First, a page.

Let’s Get Excited!

Erin McGinnis

Beginning Reading Level

 

 

Rationale: To read fluently is to read quickly and accurately. It is important for fluent readers to learn to use expression. The use of expression makes it enjoyable for the reader as well as the listener. Expression can be learned by example, so it is important for teachers to always read with lots of expression. I will model for the children using expression in this lesson.

 

Materials:

There Was An Old Woman That Lived In A Shoe

  Sentence strips- filed out before hand

  Paper

   Makers or crayons


Procedure:

  1. "Today we are going to practice reading with expression. We have mastered good reading strategies like covering up parts of words when we get stumped. For example, if I got stuck on the word "cat," I would cover up everything but the /a/, then look at the /ca/, and last put it all together to read /cat/. Now we need to master expression, which is the best part!"
  2. "When I practice reading with expression do I read like this?" (Read one of the sentence strips in a monotone voice.) "No! That is boring for the reader and the listener!"
  3. "Listen closely while I demonstrate how to read with expression. I am going to read you There Was An Old Woman That Lived In A Shoe, then we will all practice."
  4. Read the book using expression and emotion.
  5. "So it looks like we have a lot more fun reading with expression, emotion and changing our voices!"
  6. "Can you help me list some emotions or feelings?" List these words the kids come up with on the board so everyone can see.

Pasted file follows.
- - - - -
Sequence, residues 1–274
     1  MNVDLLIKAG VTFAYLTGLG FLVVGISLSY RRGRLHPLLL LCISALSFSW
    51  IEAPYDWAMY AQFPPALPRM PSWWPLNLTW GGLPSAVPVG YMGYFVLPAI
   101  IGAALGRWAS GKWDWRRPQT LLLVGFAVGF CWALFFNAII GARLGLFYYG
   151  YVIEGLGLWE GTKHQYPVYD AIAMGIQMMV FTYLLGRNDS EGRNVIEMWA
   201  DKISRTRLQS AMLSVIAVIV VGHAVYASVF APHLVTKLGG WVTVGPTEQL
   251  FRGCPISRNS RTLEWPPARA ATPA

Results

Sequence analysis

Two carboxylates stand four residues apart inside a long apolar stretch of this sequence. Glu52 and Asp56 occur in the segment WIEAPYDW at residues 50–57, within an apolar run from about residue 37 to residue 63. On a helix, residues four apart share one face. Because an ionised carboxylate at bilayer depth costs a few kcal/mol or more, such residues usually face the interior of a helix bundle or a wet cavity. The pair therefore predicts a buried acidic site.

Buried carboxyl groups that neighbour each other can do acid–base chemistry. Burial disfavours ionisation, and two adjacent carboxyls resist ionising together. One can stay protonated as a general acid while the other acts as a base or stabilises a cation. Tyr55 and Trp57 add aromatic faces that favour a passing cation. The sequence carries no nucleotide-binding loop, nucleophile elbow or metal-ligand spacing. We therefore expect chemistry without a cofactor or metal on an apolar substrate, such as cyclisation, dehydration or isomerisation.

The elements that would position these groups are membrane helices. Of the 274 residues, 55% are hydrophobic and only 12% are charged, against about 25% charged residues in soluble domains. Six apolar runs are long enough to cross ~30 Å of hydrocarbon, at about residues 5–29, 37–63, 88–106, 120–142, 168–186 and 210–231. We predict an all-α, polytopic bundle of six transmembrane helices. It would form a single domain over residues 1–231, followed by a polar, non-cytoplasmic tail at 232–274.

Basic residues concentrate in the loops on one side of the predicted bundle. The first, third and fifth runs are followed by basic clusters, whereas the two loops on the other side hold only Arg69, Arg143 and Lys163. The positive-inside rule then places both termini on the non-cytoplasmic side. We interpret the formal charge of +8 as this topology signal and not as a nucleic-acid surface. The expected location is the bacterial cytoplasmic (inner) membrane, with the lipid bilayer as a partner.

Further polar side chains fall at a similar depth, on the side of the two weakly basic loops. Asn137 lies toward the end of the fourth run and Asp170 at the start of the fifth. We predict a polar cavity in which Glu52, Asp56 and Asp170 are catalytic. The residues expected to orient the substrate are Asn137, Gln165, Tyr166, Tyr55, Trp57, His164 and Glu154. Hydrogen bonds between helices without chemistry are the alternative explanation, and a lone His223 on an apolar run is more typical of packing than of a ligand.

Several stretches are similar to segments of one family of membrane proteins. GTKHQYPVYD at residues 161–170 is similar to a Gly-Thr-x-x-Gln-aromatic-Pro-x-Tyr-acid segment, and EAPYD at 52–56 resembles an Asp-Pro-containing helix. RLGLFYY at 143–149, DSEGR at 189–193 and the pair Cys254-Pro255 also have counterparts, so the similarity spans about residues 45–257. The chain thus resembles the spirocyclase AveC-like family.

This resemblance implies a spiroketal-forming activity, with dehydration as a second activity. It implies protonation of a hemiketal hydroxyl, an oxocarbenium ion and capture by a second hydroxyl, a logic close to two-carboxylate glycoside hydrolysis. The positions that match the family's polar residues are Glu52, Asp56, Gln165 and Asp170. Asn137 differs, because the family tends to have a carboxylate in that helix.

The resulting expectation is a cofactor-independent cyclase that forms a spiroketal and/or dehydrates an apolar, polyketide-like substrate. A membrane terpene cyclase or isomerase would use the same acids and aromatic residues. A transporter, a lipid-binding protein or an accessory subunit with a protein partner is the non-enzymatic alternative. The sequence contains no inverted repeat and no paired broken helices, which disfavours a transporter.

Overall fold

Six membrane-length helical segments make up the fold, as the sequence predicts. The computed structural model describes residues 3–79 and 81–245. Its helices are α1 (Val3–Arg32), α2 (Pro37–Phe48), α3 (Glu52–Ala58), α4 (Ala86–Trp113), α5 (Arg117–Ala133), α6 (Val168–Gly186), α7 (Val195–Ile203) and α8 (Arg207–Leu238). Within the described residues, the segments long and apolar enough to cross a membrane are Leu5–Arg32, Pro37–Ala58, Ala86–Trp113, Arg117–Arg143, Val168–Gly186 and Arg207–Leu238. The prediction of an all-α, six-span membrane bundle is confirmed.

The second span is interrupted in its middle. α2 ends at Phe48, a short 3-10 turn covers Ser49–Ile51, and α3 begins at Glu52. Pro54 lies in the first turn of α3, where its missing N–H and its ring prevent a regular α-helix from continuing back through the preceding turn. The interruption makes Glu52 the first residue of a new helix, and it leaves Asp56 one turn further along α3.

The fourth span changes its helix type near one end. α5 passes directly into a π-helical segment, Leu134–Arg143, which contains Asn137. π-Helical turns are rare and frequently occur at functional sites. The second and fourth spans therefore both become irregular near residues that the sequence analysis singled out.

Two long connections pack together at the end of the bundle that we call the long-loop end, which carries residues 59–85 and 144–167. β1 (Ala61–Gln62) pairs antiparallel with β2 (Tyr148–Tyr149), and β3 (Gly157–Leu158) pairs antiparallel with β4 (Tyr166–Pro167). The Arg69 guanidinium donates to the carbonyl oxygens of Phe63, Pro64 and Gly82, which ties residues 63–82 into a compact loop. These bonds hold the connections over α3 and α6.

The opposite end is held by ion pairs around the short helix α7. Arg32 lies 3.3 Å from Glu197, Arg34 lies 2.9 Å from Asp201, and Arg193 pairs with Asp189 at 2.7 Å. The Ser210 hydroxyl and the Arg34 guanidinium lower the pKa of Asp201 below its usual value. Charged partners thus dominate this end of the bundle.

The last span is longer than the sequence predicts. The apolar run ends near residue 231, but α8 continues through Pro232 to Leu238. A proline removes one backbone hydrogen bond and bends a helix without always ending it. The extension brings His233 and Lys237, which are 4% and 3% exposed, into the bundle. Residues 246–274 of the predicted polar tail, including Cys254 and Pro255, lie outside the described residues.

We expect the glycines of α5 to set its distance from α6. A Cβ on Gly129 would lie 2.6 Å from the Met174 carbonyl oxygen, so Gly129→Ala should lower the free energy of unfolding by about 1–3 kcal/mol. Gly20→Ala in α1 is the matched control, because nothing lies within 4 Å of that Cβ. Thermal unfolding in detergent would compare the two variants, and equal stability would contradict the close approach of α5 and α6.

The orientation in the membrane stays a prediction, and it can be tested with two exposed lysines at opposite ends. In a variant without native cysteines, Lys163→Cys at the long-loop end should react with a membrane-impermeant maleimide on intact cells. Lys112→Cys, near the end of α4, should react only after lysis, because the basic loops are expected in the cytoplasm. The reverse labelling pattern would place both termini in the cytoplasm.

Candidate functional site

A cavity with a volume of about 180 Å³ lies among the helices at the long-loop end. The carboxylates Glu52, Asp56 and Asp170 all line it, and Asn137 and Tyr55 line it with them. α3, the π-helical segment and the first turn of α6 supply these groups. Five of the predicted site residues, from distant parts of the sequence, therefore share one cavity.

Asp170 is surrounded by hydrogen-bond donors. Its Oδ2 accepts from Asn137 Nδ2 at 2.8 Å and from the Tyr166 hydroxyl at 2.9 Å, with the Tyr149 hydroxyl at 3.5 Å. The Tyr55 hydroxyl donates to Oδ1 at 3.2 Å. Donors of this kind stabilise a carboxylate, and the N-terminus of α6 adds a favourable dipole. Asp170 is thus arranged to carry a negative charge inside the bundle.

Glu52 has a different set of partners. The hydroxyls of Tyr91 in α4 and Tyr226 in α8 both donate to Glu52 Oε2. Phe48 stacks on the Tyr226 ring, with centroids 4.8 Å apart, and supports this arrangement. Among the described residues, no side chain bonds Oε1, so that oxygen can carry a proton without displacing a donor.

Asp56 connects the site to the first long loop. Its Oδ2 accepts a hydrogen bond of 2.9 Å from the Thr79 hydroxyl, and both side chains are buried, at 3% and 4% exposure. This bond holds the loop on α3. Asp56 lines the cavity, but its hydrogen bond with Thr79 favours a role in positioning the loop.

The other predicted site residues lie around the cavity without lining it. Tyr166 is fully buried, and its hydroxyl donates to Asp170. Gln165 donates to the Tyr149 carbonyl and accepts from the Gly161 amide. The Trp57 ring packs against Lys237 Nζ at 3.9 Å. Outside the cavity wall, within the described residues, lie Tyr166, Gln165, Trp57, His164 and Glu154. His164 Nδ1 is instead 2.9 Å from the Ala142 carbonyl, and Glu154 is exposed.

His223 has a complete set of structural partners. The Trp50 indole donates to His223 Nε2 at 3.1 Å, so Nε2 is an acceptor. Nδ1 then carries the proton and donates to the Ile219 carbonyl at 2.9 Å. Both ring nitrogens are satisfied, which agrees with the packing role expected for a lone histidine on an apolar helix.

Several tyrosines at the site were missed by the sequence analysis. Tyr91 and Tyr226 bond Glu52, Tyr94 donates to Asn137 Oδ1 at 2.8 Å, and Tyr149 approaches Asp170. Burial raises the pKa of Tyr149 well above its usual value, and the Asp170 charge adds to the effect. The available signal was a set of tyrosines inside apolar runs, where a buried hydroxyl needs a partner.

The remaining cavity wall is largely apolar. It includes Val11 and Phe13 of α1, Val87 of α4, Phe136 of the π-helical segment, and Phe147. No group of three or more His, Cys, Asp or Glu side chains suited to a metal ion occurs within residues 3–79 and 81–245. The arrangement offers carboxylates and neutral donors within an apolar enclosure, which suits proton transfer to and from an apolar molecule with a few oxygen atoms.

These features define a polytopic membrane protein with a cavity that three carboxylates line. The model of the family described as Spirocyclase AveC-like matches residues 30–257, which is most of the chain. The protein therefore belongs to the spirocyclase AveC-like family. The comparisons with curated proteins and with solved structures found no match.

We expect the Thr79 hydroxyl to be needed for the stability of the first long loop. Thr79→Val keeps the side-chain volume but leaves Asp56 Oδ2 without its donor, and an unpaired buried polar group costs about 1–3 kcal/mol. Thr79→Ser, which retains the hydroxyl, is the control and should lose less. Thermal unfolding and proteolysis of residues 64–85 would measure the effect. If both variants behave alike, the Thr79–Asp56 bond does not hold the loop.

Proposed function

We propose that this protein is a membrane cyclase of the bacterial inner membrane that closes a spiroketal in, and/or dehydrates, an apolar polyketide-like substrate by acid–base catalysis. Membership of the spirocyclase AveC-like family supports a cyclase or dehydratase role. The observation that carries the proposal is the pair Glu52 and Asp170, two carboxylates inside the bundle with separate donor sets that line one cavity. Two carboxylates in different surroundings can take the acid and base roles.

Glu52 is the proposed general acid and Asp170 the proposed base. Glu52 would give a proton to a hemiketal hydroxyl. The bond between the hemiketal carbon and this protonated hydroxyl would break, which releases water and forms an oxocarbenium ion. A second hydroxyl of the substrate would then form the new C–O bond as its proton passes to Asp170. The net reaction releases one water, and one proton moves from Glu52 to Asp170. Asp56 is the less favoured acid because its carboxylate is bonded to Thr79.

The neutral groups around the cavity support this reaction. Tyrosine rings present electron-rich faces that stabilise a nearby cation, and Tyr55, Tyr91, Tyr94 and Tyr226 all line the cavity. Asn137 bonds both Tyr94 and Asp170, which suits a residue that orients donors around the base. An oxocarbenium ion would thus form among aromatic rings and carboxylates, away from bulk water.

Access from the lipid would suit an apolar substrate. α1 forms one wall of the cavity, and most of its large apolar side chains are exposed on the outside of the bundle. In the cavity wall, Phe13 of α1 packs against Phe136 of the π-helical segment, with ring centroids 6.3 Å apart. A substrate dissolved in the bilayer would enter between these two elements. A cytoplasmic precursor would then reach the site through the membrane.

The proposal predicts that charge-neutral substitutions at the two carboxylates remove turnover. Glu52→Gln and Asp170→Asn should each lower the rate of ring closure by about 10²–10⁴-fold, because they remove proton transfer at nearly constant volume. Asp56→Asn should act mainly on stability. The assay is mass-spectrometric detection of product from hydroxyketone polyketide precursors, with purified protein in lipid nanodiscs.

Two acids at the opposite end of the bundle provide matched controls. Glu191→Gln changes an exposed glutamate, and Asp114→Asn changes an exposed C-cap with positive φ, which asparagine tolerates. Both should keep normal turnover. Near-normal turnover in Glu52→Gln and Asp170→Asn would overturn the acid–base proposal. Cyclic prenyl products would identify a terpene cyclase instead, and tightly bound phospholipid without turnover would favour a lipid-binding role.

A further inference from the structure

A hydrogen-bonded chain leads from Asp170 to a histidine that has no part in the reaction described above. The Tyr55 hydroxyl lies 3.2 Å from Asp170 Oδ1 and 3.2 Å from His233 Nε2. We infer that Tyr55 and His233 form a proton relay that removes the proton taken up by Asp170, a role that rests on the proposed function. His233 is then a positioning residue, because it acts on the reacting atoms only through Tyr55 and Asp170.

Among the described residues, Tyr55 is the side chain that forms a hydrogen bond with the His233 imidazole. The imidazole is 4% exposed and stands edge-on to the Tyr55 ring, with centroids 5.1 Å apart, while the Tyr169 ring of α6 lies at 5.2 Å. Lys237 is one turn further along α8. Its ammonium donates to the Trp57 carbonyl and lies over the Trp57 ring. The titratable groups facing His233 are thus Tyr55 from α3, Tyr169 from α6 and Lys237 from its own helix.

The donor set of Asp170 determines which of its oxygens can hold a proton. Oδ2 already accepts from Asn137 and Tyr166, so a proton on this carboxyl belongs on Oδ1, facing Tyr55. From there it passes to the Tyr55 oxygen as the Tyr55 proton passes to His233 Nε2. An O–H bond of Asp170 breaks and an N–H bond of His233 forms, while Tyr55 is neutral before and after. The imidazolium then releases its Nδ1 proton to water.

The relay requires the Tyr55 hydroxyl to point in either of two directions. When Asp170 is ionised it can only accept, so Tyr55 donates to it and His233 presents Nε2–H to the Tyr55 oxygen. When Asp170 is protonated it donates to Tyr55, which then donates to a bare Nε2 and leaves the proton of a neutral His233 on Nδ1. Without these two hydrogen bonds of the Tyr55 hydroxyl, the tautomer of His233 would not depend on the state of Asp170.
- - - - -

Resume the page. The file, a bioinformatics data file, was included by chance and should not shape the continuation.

7. Next, hold up sentence strips, and have the kids experiment with expression by reading the same sentence using different emotions in their voices and faces. Practice this a few times, taking turns and switching strips. Example sentences: I want to go to the park.           
  1. If time allows, the children can draw pictures of faces showing different emotions. They will write the "feeling" word below the face, and the pictures can hang to remind them to read with expression.
  2. Assess the children by breaking the children into groups of two and let them read a book of their choice to each other aloud. Listen to each group and check for expression in their voices and faces.

 

Possible Review Questions:

Which is more interesting? Reading with expression and feeling or without?

 

References:

Misty Willoughby, Boom with Expression. The Reading Genie Website, www.auburn.edu/rdggenie/openings/willoughbygf.html

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